From the Archives: Archy and Mehitabel by Barbara Ardinger

This was originally posted on December 1, 2019

Archy the Cockroach and Mehitabel the Cat were introduced to the world in 1916 by Don Marquis, a columnist for the New York Evening Sun. Marquis was more than a mere columnist; he was a social commentator and satirist admired by nearly every famous writer of the first quarter of the 20th century. Franklin P. Adams, for example, said Marquis was “far closer to Mark Twain than anybody I know” (see note).

As the story goes, Marquis said he came into his office one morning to find a big cockroach jumping about on his typewriter keys. The cockroach kept climbing up the metal frame and hurling itself headfirst onto a key, one slow letter after another. He couldn’t use the shift lock (except one time when he hit it accidentally and produced an entire uppercase column), so his writing is lowercase. After about an hour, Marquis reported, the cockroach fell to the floor, exhausted after typing just one page. He never could manage punctuation, and he also had trouble with the carriage return—how many of us remember how those old typewriters worked?—but he somehow hit it every time. (My grandfather had an old typewriter like this. The keys were very stiff. I felt like my little fingers were gonna break when I tried to type.)

In his previous life, Archy was a free verse poet. As he explains to Marquis,

expression is the need of my soul

i was once a vers libre bard

but i died and my soul went into the body of a cockroach

it has given me a new outlook upon life

i see things from the under side now

Vers libre, or free verse, was highly popular in the first half of the 20th century (consider “The Love Song of J. Alfred Prufrock”) because it does not require use of any of the standard poetical meters (iambic, trochaic, etc.) and uses the rhythms of ordinary speech. You know what? Most of the verse that appears in these FAR posts is free verse. It’s perfectly good poetry, but not Miltonic or Shakespearean or even Keatsean or Yeatsean.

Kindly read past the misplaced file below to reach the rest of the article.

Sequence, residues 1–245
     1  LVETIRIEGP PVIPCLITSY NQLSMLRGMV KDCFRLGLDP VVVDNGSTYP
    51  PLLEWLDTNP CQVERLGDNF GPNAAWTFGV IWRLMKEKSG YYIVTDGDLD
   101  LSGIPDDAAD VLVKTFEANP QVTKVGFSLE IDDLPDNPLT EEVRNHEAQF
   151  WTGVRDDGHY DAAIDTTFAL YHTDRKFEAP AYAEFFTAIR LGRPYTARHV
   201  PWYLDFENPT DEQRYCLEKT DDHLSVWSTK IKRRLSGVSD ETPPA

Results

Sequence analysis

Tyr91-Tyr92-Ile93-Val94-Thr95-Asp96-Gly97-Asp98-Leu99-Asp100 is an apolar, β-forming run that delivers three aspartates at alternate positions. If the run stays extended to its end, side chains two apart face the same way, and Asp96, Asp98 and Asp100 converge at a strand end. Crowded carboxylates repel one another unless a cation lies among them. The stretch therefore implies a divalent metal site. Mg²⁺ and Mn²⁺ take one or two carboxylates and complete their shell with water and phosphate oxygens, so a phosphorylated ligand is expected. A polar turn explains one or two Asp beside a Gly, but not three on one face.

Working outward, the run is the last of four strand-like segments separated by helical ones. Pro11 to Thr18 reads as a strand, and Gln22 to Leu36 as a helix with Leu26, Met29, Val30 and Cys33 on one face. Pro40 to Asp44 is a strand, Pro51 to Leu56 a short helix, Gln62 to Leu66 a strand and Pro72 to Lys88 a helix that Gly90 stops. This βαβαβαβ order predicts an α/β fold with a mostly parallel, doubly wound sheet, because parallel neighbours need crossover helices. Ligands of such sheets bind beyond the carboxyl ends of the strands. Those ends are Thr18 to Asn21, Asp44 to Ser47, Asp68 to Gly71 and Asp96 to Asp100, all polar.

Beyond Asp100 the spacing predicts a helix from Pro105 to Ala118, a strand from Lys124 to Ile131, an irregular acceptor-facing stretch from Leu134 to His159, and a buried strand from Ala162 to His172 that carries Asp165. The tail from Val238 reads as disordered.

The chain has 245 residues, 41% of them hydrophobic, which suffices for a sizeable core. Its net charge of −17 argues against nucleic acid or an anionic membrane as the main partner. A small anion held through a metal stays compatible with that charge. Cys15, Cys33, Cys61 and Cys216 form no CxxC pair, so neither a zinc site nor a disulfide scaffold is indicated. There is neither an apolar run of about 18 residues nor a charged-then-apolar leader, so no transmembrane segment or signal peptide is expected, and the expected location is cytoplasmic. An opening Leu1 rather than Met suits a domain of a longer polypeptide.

One of Archy’s friends is Mehitabel the Cat. She says she started out as Cleopatra, but now in perhaps her ninth life, she is a fairly scruffy, always hungry, alley cat. Here is one of Archy’s reports on her:

mehitabel the cat claims that

she has a human soul

also and has transmigrated

from body to body and it

may be so boss you

remember i told you she accused

herself of being cleopatra once i

asked her about antony

anthony who she asked me …

listen archy she said i

have been so many different

people in my time and met

so many prominent gentlemen i

won t lie to you or stall i

do get my dates mixed sometimes

think of how much i have had a

chance to forget and i have

always made a point of not

carrying grudges over

from one life to the next …

… i am a free spirit … i

look on myself as being

quite a romantic character oh the

queens I have been and the

swell feeds I have ate

Reading today about Mehitabel’s life a hundred years ago, I begin to wonder if she might be a model for us women living in the first quarter of the 21st century. Thanks to the Nuns on the Bus and #MeToo and the brave women who run for public office and win, we seem to be doing somewhat better than we were, say, half a century ago. (Yes, this a subject for lively debate; please give your opinions in the Comments.) What I think Mehitabel has is persistence. She has the ability to endure, no matter what. I think it’s her free spirited persistence we can adopt today. What do you think?